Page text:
scuba diving in dingle bay

Next morning I had a date with the local scuba diving shop, so I was up and out by nine. Eric runs a friendly dive shop, helped by two English girls. I kitted myself out and chatted to the other divers. Padraig was a young local lad who had just qualified as a teacher, and was off bungee jumping the following week.

6-diving-family

May (second from right) was a Cork woman about my own age, who had learned to dive with her three children the previous year, and they were all there for the dive: Matthew who was working as an intern in the shop, Caoimhe, a chatty young teenage girl, and Ruairi, the youngest at twelve. What a great thing to do as a family. Two of Eric’s friends from Belgium made up the boatload.

We hopped in the rubber dinghy and set off at alarming speed out of the harbour and into the bay. I was sat up the bow, hanging on for dear life like it was an episode of Miami Vice. It was sensational. We sped along the rugged coastline as if on a roller-coaster for what seems like ages until we stopped at a small headland called Parkmore Point. We broke up into smaller groups and backflipped into the water.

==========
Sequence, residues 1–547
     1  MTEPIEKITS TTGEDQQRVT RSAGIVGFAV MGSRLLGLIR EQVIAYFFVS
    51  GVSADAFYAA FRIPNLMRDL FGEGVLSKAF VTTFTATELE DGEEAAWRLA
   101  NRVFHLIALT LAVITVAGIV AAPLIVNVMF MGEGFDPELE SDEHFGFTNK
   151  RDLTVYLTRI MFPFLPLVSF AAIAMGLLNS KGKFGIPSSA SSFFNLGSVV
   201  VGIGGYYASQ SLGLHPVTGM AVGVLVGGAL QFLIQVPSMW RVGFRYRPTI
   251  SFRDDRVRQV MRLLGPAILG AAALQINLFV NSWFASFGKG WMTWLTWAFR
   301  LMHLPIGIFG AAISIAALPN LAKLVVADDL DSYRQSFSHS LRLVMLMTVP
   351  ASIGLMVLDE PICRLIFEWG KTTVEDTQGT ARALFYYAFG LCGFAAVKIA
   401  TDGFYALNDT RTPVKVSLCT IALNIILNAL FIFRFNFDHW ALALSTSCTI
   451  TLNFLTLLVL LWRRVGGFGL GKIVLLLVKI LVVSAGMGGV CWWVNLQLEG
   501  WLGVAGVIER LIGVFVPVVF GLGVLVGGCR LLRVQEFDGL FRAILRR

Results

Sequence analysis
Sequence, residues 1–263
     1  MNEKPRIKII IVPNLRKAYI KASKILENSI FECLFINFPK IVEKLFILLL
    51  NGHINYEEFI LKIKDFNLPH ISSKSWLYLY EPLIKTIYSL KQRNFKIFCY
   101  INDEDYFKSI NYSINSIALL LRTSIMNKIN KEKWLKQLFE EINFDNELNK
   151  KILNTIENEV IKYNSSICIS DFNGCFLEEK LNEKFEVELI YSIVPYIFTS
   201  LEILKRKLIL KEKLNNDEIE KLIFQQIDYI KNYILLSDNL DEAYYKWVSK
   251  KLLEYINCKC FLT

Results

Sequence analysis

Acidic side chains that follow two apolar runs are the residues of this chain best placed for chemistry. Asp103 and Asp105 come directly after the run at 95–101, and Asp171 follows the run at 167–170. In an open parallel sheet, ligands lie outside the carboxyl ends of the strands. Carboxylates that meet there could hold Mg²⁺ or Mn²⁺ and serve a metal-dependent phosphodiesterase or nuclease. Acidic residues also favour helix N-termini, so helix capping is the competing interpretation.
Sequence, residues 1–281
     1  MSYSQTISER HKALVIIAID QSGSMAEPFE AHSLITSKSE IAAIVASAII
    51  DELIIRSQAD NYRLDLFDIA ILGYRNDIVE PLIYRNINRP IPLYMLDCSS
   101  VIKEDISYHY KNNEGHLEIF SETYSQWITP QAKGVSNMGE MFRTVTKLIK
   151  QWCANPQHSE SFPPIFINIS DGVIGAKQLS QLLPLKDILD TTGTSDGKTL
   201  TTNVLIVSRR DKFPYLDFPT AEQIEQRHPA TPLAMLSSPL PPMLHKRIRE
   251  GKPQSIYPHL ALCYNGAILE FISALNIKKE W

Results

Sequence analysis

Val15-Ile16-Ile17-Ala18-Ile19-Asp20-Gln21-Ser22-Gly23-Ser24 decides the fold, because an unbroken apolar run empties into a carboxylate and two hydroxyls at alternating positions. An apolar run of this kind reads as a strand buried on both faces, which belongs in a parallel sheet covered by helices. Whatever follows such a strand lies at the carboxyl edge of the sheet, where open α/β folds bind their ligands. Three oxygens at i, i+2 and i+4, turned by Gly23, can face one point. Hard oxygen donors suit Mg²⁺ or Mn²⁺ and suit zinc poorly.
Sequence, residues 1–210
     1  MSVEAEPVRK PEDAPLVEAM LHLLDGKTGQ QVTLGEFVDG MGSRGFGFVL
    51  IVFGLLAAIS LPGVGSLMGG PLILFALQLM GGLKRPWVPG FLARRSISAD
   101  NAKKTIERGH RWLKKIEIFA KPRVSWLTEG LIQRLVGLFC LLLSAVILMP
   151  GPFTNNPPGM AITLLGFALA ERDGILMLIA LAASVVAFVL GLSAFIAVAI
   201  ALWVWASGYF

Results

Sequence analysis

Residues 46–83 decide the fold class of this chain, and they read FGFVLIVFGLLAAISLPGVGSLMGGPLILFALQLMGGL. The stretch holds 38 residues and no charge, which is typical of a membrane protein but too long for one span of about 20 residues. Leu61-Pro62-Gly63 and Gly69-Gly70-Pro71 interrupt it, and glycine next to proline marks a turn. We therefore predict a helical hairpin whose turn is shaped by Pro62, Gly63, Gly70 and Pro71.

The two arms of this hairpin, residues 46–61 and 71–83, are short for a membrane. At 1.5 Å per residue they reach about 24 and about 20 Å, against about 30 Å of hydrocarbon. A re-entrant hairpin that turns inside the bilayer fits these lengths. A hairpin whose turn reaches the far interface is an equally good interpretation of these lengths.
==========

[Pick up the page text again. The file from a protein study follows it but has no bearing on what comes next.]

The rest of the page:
Sadly, visibility was not great, but I had an enjoyable dive with Padraig and Sophie our dive master. No great marine life to speak of, but a good wall and lots of sea grasses. And after all my worry about the cold, I was a lot warmer in my double wetsuit than I had been in the dry suit in Melbourne!

The second dive was back in Dingle Harbour itself, an incredibly shallow dive but worth it nonetheless. We anchored up and the first person to backflip in simply stood up to talk to us – we were in about five feet of water. Then almost immediately, Fungie, the local dolphin, arched up out of the water not twenty feet away. We all squealed with delight, and those in the water tried snorkelling to catch a better glimpse.

I don’t think I could have done a better dive in such shallow waters. The official name for the area was the Gravelly, but it was better known locally as Thornback Alley. I soon found out why. I must have seen over fifty thornback ray on that dive. They were simply everywhere – floating past one minute, rising suddenly out of the sand below you the next. They were all sizes, up to about a metre wingspan, with the long, thorny tail that gives them their name. Between that and the forest of seagrass we found ourselves in, it was one of the most fun dives I have ever done.

Turns out that despite the overcast day, I got seriously sunburnt on my face! So much for Australian education on the dangers of the sun.

Back at shore I was so uplifted and excited by my dives. The rest of the family was at the harbour to welcome us home, and as soon as the paperwork and chores were done we headed off to explore the rest of the peninsula. By this time the sun was out and it was a really lovely day.

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